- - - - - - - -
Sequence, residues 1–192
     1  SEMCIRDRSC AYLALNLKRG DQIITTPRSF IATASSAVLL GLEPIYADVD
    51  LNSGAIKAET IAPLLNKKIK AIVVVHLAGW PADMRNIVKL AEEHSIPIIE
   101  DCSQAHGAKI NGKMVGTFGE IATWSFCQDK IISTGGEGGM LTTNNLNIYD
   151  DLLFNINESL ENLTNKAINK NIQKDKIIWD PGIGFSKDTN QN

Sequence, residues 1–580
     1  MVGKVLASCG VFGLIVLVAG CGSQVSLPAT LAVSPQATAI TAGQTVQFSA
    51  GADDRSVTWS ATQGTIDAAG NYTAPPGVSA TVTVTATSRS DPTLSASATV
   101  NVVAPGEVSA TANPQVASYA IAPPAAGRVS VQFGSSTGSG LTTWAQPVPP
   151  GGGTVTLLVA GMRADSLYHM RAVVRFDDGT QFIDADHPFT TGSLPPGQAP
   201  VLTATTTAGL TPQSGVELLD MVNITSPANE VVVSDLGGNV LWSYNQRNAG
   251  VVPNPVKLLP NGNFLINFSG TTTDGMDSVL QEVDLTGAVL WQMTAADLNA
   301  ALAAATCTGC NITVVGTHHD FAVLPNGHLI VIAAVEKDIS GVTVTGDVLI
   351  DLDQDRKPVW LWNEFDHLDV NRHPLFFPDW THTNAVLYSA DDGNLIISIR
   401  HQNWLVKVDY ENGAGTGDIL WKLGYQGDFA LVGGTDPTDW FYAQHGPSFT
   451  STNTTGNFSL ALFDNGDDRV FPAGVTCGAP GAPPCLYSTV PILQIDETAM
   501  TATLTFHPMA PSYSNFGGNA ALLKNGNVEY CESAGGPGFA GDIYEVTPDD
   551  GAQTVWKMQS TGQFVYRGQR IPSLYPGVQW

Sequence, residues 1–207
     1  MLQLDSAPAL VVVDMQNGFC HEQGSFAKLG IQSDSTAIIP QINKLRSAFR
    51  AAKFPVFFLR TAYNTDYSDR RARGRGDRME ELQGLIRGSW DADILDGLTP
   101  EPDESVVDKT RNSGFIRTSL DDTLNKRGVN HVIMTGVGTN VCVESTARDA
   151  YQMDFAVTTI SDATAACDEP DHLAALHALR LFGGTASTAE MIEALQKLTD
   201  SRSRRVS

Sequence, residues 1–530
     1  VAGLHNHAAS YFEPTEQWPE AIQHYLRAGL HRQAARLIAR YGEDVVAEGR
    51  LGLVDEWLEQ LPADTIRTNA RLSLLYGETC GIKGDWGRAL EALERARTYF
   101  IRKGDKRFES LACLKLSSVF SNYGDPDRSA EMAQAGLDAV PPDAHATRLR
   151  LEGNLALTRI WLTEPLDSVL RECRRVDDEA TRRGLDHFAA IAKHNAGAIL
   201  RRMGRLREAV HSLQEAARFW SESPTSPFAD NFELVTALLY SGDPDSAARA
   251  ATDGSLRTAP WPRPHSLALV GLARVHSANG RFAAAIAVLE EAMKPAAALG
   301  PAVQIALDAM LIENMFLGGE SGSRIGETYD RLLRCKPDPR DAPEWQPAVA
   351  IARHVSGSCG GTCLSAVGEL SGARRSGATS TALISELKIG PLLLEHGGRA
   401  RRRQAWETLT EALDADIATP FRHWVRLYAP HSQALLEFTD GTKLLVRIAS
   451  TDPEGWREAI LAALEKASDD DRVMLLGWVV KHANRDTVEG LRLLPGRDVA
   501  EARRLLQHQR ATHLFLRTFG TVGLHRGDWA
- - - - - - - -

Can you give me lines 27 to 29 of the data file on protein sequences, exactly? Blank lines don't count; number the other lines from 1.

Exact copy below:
    51  LGLVDEWLEQ LPADTIRTNA RLSLLYGETC GIKGDWGRAL EALERARTYF
   101  IRKGDKRFES LACLKLSSVF SNYGDPDRSA EMAQAGLDAV PPDAHATRLR
   151  LEGNLALTRI WLTEPLDSVL RECRRVDDEA TRRGLDHFAA IAKHNAGAIL